Introduction and Background
The concept of democracy is familiar to most people. Developed first in ancient Greece, democracy came to flourish in the 20th century, when decolonization, economic circumstances, and the establishment of just political rules led to the popularity of democratic institutions. Today, the majority of western societies have settled on liberal democracy as the most efficient system of government. The development of democratic institutions continues in many countries of the African region.
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The complexity of the concept of democracy and the implications of its practical implementation led to the interest of scholars worldwide. Researchers studied democracy, its origins, and economic implications, covered related concepts, such as human rights. This paper seeks to address the concept of democracy and related ideas described in scholarly papers and books. The paper includes a critical review of interdisciplinary research on the origins of democracy, its economic impact, and the concept of rights. The researcher presents the authors’ thoughts and findings and also critically evaluates the results of their work. Problems of social complexity and challenges the world faces in the 21st century necessitate the understanding of democracy and related concepts.
The Concept of Democracy
The article by Philippe Schmitter and Terry Karl provides a comprehensive overview of the concept of democracy. The researchers define democracy as a system governance in which “the rulers are held accountable for their actions in the public realm by citizens, acting indirectly through the competition and cooperation of their elected representatives” (Schmitter and Karl 76).
A system of governance is a term that encompasses all the characteristics of government, the rules, and responsibilities that are related to the making of publicly binding decisions (Schmitter and Karl 76). The institutionalization of a system of governance is necessary for it to work properly. When a system of governance is institutionalized, its characteristics become known and accepted.
The article by Dalton, Shin, and Jour emphasizes the need to consider outcomes when defining democracy. The researchers claim that democracy can also be defined through its outcomes. This system of governance puts freedom and liberty front and center and the goal of democratic institutions is creating and adhering to policies and procedures protecting freedom and liberty of citizens (Dalton, Shin and Jour 144). I believe that it is important to consider the outcomes as more representative of whether a particular country can be considered a democracy. The existence of certain democratic institutions or procedures does not necessarily mean that a country is a democracy if the freedom and liberty of its citizens are under attack. Democracy is built upon the concept of freedom. I believe that for a system of government to be considered a democracy, policy-makers and citizens must be able to freely cooperate and act collectively. Freedom is required for citizens to have a level of independence from authorities and to be able to restrain the actions of policymakers.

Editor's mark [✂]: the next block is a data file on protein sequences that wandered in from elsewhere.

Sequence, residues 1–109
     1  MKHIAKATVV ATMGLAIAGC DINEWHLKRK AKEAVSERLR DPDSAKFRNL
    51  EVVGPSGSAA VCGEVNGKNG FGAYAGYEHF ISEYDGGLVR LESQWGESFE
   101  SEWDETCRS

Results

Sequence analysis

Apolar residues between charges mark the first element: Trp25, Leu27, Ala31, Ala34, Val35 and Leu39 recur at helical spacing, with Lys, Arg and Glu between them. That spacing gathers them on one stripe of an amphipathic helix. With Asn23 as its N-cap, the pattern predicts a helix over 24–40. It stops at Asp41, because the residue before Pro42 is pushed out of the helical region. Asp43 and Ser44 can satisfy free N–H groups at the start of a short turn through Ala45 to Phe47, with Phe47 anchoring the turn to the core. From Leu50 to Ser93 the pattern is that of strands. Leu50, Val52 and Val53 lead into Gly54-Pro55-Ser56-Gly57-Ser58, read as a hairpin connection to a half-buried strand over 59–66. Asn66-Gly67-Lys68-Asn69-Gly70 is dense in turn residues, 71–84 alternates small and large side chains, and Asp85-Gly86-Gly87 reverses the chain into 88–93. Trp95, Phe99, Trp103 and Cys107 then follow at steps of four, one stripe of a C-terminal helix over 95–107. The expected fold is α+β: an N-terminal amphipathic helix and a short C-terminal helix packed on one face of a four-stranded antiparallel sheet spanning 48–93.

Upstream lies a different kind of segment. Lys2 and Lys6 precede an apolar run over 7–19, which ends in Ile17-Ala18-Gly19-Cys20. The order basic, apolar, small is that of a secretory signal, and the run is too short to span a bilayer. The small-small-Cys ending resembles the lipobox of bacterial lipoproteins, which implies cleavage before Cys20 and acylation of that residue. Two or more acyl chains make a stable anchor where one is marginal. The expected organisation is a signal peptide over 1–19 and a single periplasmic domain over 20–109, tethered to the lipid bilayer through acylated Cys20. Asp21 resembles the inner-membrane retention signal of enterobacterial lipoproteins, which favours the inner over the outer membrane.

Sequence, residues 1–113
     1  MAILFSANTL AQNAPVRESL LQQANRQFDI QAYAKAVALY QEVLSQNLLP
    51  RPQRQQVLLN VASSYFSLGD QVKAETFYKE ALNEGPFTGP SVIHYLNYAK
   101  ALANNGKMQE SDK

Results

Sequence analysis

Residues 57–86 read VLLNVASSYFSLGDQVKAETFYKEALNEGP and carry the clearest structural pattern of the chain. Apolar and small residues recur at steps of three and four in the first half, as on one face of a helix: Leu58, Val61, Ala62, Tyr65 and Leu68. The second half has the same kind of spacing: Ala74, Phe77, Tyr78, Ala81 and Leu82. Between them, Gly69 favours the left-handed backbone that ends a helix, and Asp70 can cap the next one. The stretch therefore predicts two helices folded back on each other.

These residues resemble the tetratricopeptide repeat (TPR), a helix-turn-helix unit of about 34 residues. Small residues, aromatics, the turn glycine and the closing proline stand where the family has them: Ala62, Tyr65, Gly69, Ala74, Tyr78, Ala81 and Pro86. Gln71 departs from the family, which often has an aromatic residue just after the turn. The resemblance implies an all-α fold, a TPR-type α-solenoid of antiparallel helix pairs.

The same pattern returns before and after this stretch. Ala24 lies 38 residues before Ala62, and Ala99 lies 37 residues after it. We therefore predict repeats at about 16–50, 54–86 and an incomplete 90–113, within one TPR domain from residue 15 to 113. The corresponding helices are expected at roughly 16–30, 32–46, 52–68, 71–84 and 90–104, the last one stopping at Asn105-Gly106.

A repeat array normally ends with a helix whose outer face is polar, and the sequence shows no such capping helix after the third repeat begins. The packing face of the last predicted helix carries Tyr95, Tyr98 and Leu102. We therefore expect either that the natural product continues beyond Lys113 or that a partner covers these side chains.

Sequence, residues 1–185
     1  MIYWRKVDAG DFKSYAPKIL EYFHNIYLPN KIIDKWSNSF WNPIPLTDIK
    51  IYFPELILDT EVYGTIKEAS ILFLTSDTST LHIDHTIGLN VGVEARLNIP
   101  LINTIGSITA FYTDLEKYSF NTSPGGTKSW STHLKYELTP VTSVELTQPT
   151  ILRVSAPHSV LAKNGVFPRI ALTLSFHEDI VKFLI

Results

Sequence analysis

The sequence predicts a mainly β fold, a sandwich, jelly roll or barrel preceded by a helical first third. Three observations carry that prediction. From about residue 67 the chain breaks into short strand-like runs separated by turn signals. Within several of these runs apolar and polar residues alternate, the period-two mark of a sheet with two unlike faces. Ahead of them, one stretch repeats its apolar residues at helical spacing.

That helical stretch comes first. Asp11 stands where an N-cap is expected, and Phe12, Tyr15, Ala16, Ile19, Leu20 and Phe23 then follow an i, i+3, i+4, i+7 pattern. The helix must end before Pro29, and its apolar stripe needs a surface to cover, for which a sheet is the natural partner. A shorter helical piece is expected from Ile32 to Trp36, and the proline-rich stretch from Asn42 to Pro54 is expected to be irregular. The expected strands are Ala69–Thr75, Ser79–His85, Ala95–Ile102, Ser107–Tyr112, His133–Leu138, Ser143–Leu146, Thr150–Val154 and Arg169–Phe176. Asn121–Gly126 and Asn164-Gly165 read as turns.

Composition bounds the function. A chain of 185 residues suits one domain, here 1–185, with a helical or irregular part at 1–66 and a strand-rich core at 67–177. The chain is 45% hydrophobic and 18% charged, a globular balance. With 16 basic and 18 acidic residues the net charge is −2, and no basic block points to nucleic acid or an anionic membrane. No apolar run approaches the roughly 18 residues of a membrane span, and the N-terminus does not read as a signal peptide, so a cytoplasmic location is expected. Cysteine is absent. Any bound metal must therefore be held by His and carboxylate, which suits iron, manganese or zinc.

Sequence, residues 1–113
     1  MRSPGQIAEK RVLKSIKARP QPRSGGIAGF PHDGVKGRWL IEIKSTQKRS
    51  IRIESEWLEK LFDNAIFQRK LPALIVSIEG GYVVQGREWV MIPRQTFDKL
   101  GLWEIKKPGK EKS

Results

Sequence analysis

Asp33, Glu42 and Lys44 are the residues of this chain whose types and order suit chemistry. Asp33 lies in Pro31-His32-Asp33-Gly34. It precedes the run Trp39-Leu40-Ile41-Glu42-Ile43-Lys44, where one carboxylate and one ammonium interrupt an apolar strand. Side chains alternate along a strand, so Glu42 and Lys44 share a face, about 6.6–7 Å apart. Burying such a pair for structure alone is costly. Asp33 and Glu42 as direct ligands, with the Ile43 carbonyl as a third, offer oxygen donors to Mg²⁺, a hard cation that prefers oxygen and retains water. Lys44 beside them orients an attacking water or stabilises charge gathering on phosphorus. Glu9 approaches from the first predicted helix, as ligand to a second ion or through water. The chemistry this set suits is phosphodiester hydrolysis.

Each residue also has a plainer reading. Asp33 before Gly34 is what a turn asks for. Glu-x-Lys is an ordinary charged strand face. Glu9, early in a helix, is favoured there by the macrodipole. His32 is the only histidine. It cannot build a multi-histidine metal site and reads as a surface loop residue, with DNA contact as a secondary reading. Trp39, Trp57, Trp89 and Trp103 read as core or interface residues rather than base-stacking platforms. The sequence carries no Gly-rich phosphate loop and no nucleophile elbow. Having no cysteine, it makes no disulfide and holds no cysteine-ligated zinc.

In comparison to other systems of governance, democracy is highly dependent upon citizens. Citizens elect their representatives, form and join political parties, and play an important role in a democratic society. Schmitter and Karl claim that the component inherent to all definitions of democracy is regular elections (78). During the elections, citizens choose between various candidates proposed by political parties. Following the elections, citizens can influence the work of their elected representatives through such means, as petitions, social movements, interest associations, etc. (Schmitter and Karl 78).
The work done by Schmitter and Karl conceptualizes democracy and provides the reader with a valuable understanding of what democracy is and what it is not.
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Democracy and Rights
In a democratic country, citizens have rights, which can be defined as certain goods, services, or protections delivered by one party to another (Tilly 56). In a democratic country, the government works to reinforce the protection of rights to all of the people under the state’s jurisdiction (Tilly 56).
Three types of rights include civil, political, and social (Tilly 59). While a democracy implies the delivery and protection of all three types of rights, the rights emerged at different times during a course of history. Research suggests that civil rights emerged in the 18th century, political rights were recognized in the 19th century, and social rights in the 20th century (Tilly 59).
Researchers outline the following four values of democracy:
- political liberties;
- participation rights;
- equality before the law;
- equal rights for women (Dalton, Shin, and Jour 144).
Out of these four values, I believe the last one should include all citizens, not just women. Democracy is a system of governance that provides equal rights to all of its citizens. The last value seems to be the result of a century-long battle against inequality and woman rights, in particular, voting rights.
Modern democratic countries protect and deliver the rights of their citizens to education, freedom of expression, healthcare, income, etc.
The Origins of Democracy in Modern Societies
The origins of democracy in modern societies have been the focus of many scientific studies. Some studies emphasize the role of education and economic development as the factors which led to the establishment of democracy, therefore providing a behavioral basis for the development of democratic institutions (Huber, Rueschemeyer and Stephens 71). Other studies favor a conflict-oriented political economy approach and conclude that the development of democracy is the result of conflicting interests and economic changes (Huber, Rueschemeyer, and Stephens 71). The second line of research is developed by Barrington Moore, Jr. in his book “Social Origins of Dictatorship and Democracy”.